It’s ironic, but I moved over to Anglicanism because of my work with people. Whether I liked it or not, people were asking for help in spoken prayer, and wanted access to forms of rituals or inner healing. People are very often helped by a particular ritual. I couldn’t just come and sit in silence with a patient: I had to let go of my attachment in order to be flexible and creative with patients. They have loss issues, worries about sinfulness, shame; and there are spiritual and theological responses to these. I had to learn to develop these in myself, and to pray.
I recognised the healing value of the sacraments and other creative forms of healing working alongside an Anglican chaplain who came in one day a week. I saw how much patients wanted that. Then I had a period of mental ill-health, and I needed it, too.
About seven years ago, my husband left me and I contracted cancer. My world fell apart. I went from being in a place of empathy with other people to my own place of despair. I was off work for six months with depression.
I was helped by Christian people and friends who gave me permission to grieve — listening, being there when I needed them, but not overpowering me with advice. And The Retreat paid for me to have counselling. There’s no stigma here, and staff who have mental illness are supported.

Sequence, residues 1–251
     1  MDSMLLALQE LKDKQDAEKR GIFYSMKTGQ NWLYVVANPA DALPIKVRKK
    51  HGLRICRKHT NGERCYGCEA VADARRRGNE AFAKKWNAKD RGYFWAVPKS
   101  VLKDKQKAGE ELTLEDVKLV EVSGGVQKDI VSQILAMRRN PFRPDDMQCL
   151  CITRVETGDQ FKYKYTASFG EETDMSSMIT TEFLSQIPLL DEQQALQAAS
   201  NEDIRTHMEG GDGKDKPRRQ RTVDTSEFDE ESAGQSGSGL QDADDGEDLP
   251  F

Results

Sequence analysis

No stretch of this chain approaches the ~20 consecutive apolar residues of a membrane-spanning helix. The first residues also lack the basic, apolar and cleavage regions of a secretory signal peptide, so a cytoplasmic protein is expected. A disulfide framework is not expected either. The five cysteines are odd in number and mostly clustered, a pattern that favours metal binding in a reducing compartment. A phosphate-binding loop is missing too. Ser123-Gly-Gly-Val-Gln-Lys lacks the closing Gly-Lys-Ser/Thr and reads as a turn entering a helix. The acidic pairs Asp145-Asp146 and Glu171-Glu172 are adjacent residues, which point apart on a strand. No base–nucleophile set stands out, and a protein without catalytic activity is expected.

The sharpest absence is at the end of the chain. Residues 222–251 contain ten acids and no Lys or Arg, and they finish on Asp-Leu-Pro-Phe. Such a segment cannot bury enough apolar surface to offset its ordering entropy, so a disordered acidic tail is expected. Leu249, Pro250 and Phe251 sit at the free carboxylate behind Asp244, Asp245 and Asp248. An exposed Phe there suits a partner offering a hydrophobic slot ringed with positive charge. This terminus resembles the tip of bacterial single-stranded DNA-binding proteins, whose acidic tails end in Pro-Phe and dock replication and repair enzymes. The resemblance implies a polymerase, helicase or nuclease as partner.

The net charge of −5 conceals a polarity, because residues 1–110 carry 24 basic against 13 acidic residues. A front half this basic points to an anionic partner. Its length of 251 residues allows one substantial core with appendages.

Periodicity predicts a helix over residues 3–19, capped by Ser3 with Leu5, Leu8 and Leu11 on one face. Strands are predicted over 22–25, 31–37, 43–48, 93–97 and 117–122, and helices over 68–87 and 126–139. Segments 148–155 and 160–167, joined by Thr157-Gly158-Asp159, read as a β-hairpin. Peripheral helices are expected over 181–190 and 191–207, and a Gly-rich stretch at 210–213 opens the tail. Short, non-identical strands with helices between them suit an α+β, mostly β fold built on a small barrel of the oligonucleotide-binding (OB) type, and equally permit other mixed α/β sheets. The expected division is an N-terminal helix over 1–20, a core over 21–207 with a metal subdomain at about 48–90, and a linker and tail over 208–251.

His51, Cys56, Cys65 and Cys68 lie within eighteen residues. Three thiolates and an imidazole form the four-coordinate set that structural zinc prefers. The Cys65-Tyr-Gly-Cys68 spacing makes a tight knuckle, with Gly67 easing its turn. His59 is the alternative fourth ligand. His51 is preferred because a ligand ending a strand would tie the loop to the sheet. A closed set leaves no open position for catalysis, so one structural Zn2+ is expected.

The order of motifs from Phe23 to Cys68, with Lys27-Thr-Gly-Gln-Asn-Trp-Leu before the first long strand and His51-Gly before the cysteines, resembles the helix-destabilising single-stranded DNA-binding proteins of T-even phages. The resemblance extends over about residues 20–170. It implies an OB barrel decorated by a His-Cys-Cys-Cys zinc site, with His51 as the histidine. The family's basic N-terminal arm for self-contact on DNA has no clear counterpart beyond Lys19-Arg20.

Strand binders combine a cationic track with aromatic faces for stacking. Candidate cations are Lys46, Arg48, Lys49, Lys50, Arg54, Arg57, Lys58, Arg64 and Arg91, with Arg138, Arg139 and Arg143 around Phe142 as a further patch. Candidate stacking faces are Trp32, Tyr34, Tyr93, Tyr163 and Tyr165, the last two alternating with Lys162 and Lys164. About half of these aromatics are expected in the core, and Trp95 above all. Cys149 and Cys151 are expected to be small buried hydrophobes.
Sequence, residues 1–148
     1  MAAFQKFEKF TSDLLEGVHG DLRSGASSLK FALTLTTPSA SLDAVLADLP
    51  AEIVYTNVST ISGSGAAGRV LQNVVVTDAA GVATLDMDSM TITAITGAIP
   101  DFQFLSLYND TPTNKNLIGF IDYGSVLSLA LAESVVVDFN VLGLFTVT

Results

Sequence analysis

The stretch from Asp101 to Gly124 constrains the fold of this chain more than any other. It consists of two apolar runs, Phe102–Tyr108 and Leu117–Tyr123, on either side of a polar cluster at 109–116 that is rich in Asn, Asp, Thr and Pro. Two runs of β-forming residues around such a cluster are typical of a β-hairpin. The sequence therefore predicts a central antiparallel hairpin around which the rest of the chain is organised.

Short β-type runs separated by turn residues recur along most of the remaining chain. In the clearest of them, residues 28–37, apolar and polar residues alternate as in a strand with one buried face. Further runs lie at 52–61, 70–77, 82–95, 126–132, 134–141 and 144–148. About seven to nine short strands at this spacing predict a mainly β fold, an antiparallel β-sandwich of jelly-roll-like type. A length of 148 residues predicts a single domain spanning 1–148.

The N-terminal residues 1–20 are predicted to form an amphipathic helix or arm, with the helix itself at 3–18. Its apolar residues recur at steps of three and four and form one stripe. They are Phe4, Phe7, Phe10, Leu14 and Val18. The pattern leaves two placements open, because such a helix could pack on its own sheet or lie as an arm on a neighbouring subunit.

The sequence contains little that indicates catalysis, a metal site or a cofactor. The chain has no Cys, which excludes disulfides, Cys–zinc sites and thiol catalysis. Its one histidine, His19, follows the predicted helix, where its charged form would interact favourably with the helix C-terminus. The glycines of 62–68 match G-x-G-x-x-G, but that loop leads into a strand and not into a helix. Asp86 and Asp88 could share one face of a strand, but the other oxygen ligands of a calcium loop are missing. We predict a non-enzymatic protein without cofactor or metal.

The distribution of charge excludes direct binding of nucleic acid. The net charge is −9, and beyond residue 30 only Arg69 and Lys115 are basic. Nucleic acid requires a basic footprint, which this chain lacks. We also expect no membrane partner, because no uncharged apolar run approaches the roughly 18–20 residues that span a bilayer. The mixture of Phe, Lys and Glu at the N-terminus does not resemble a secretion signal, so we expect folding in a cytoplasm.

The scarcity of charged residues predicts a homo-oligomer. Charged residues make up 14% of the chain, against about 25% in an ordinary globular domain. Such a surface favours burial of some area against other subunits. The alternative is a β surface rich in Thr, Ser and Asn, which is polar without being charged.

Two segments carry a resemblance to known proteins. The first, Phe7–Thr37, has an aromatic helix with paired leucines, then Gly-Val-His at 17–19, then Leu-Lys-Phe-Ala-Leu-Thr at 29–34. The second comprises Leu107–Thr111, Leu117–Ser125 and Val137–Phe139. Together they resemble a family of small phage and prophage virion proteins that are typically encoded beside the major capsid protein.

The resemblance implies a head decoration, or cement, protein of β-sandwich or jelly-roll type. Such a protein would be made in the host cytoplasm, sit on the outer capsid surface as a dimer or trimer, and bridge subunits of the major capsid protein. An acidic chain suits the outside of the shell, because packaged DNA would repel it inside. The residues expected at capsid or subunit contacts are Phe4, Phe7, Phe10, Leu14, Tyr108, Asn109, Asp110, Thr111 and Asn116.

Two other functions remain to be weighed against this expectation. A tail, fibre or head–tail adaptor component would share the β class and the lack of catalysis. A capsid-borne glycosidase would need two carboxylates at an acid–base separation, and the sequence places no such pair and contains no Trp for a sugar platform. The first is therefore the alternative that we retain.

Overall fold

There’s a lot of confusion and ignorance about mental illness in the Church of England — as there is in all parts of society. The Church wants to respond, but doesn’t always know how.
People don’t understand that when people are seriously mentally ill, they don’t just need psychiatric or social help. They’re not just a diagnosis. They suffer from loss of identity and alienation, and desperately need a new set of meanings and hope. They have spiritual needs: they’re asking big questions.
I was a bit of a strange child. I had a powerful religious experience when I was about six, and always wanted to get back into it and understand it. There were no adults around me to help; so I took myself to church independently because I needed some answers.
I was also a feminist, in embryonic form. In the ’50s it seemed to me that men had all the chances. I kind of wanted to be an explorer, and I suppose that’s what I’ve become — but in a spiritual sense. I explore things and people that are on the edge.